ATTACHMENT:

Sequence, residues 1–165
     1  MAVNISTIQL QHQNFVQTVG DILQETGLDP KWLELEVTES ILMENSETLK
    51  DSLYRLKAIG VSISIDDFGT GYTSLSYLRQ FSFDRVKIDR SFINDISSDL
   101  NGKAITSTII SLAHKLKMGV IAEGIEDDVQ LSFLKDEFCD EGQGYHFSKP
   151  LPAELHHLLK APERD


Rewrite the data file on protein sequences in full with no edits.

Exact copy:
Sequence, residues 1–165
     1  MAVNISTIQL QHQNFVQTVG DILQETGLDP KWLELEVTES ILMENSETLK
    51  DSLYRLKAIG VSISIDDFGT GYTSLSYLRQ FSFDRVKIDR SFINDISSDL
   101  NGKAITSTII SLAHKLKMGV IAEGIEDDVQ LSFLKDEFCD EGQGYHFSKP
   151  LPAELHHLLK APERD